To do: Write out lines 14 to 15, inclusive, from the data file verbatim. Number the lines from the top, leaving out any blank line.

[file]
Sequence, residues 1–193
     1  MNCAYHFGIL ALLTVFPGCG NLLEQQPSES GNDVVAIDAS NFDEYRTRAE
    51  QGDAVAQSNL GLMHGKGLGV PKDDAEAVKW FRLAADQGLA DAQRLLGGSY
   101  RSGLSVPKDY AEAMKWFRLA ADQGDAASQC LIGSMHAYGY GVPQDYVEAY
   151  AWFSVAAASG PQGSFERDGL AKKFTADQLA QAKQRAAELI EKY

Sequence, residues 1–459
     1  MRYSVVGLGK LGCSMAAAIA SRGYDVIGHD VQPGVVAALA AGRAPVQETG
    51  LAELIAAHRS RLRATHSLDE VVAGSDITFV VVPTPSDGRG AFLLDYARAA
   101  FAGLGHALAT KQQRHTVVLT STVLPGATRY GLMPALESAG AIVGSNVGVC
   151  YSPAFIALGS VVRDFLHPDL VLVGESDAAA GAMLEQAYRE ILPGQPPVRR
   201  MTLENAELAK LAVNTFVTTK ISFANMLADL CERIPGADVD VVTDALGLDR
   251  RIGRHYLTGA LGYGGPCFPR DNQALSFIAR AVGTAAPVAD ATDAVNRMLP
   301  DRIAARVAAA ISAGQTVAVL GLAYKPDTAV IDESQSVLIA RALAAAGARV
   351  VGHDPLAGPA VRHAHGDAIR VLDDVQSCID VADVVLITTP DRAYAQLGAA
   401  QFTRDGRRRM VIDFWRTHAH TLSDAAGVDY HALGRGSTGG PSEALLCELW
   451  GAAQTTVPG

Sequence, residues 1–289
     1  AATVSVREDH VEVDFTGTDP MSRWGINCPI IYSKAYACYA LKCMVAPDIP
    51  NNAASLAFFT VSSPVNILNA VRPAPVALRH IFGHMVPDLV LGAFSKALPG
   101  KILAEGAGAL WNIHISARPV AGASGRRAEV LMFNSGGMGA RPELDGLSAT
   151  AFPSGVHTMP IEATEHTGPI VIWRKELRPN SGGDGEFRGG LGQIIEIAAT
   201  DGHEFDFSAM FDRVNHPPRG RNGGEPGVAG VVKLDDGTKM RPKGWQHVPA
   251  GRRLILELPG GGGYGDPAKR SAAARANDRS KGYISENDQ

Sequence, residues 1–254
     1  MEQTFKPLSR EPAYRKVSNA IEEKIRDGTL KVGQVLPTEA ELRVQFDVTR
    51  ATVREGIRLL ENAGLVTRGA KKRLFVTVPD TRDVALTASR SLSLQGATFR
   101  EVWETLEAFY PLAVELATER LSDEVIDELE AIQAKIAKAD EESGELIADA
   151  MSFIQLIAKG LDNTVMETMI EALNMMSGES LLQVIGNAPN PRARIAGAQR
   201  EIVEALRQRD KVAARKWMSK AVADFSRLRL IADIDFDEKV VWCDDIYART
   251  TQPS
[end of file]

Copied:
   351  VGHDPLAGPA VRHAHGDAIR VLDDVQSCID VADVVLITTP DRAYAQLGAA
   401  QFTRDGRRRM VIDFWRTHAH TLSDAAGVDY HALGRGSTGG PSEALLCELW